Time for the final installment in the How to Draw a Dog with Colored Pencils series. The portrait of a black Bouvier is just about complete. Today, we’ll put the finishing touches on it.
If you’ve missed any of the previous installments or if you would like a review, here are the links.
- How to Draw a Dog with Colored Pencil, Part 1
- How to Draw a Dog with Colored Pencil, Part 2
- How to Draw a Dog with Colored Pencil, Part 3
- How to Draw a Dog with Colored Pencil, Part 4
Now on to this week’s installment.
How to Draw a Dog with Colored Pencils, Part 5
Step 8: Finishing Layers
The first thing I did was wash generous amounts of rubbing alcohol over all of the dog except the ears, eyes, nose, and mouth. As before, I wanted to fill in some of the paper holes. But it was also important to break down some of the wax that had accumulated on the drawing before trying to add more color.
Once the paper was dry, it was time to finish the portrait. I used a lot of colors, so I’m listing color by area worked on.
I started with light peach applied with light pressure over all of the tongue. I followed up with flesh over everything but the brightest highlights, then blush over everything but the brightest highlights and middle values, and burnt ochre in the darker middle values and shadows. In other words, as I used darker colors, I worked on smaller and smaller parts of the tongue. In this way, the highlights were drawn by adding darker colors around them.
Then I applied a second layer of each color. I used the points of well-sharpened pencils with small, tight strokes and light pressure to get saturated color.
Next I glazed everything with carmine red and darkened the shadows with dark umber. After that, I adjusted color and value until it looked correct and burnished with the colorless blender.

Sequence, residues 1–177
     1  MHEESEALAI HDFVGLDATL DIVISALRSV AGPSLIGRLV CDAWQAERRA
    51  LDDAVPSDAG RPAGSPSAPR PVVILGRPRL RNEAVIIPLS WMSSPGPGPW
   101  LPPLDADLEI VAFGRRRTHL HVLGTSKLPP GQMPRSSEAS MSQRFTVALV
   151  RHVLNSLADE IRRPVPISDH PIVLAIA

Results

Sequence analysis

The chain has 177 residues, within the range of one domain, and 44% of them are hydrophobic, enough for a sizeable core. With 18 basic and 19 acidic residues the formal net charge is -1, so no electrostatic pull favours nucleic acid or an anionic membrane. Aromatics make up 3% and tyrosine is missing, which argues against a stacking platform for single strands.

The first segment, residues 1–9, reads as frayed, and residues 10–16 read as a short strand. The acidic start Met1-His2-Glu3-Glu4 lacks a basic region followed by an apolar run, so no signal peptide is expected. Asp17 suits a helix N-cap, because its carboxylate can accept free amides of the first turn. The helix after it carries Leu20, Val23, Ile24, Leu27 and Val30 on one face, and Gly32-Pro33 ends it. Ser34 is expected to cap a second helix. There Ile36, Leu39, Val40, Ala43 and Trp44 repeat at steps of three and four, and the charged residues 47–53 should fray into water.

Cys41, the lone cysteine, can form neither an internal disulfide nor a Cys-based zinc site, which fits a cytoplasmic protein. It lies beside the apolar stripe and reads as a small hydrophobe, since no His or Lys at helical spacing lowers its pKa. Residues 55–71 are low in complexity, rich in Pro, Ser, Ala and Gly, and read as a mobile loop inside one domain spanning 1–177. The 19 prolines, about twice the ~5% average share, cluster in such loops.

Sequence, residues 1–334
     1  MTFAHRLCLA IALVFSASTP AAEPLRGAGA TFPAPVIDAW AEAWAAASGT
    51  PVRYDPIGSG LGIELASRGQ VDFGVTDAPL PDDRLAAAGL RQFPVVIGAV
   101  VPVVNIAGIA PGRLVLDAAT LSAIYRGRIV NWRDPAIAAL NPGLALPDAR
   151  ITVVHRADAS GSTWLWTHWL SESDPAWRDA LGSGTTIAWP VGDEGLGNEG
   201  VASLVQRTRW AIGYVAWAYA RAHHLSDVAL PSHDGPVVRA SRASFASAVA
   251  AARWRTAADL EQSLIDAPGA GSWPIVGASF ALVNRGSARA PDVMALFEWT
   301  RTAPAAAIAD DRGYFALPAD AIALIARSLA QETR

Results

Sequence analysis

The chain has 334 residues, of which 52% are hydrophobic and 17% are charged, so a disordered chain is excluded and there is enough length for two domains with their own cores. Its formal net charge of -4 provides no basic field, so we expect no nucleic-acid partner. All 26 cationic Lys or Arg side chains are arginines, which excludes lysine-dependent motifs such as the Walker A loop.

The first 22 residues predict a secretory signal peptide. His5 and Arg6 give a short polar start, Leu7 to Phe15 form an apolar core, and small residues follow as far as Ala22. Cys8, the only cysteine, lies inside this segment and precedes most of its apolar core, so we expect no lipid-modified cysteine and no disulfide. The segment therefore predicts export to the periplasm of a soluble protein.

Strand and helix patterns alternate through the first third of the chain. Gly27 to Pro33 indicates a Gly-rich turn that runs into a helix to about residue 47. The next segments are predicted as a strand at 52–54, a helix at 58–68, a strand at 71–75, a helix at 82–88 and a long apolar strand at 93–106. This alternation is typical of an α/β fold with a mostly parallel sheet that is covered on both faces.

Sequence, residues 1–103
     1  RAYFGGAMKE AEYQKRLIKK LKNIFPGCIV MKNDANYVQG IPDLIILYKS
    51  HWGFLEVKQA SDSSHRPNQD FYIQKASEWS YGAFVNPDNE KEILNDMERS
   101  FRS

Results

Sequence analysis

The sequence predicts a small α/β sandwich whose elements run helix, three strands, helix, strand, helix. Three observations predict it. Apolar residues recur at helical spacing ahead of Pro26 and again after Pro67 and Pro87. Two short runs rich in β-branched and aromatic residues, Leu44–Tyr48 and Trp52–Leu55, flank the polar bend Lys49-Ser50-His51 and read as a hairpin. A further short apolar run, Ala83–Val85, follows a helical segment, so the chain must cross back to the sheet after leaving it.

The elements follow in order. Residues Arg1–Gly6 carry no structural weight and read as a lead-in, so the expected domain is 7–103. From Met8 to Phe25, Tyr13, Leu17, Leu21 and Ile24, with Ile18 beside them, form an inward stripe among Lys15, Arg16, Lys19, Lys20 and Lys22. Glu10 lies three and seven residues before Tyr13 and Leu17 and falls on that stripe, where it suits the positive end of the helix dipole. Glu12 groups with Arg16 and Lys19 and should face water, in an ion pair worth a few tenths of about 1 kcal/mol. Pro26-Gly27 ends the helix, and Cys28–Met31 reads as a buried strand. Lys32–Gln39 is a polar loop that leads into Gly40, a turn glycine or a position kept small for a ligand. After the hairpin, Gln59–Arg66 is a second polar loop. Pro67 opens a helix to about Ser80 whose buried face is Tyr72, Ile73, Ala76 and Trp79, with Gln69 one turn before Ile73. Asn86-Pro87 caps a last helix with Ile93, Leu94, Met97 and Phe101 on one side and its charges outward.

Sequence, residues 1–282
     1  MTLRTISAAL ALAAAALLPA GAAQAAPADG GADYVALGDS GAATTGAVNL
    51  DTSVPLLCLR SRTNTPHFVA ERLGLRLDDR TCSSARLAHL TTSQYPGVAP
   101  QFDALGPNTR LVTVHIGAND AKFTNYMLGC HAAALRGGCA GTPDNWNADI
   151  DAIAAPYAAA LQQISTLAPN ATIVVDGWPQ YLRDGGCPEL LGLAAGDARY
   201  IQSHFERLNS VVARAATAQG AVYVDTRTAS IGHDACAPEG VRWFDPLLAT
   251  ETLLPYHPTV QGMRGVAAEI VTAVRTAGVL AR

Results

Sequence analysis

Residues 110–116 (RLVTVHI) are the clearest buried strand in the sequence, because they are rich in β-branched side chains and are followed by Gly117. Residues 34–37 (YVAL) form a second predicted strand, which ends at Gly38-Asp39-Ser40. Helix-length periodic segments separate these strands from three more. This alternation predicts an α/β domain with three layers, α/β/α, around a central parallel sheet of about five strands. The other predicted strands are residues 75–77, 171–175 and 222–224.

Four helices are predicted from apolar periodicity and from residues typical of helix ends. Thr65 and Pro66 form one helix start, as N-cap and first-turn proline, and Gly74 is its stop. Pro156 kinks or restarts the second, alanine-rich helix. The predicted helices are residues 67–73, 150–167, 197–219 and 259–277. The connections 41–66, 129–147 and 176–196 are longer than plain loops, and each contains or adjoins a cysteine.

Darkened the pupils and rims with black. Added blue slate around the highlights, then burnished with white.
Also highlighted the lower rims with blue slate and white using firm strokes and heavy pressure.
I glazed bronze into the inside of each ear with light pressure followed by blush and light peach with medium pressure. The backs and rims of the ears were done with black and medium pressure.
I glazed blue slate over most of the nose, then glazed black over the front part. I applied blue slate then white to the highlights around the nostrils then burnished the front of the nose with the colorless blender and reapplied color.
Then I dr3w the sides and the top of the nose using the same colors, but using the lighter colors more than the dark colors.
I needed to tone down the blue highlights in the lighter areas of the body and face, so I tried a glaze of bronze. The warm tones of bronze—which is an earth tone—made the blues less bold and added warmth to the hair.
Next, I added black, which I applied with the side of a well-sharpened pencil. I used firm strokes with medium or medium-light pressure—very light pressure over the highlights and heavier pressure in the shadows.
In each area, I stroked in the direction of hair growth.
To finish the portrait, I used dark umber and ultramarine to lay down a cast shadow to the dog’s left, then signed it, photographed it and sent a digital proof to the clients.
The clients approved the drawing but asked me to make the ears a little more scruffy. Stroking outward from each ear using tiny strokes and light pressure was the best and easiest way to make that correction.
I made those changes and the portrait was complete. It was delivered the following day and is now framed and hanging side-by-side with a portrait of another of the family’s canine companions.
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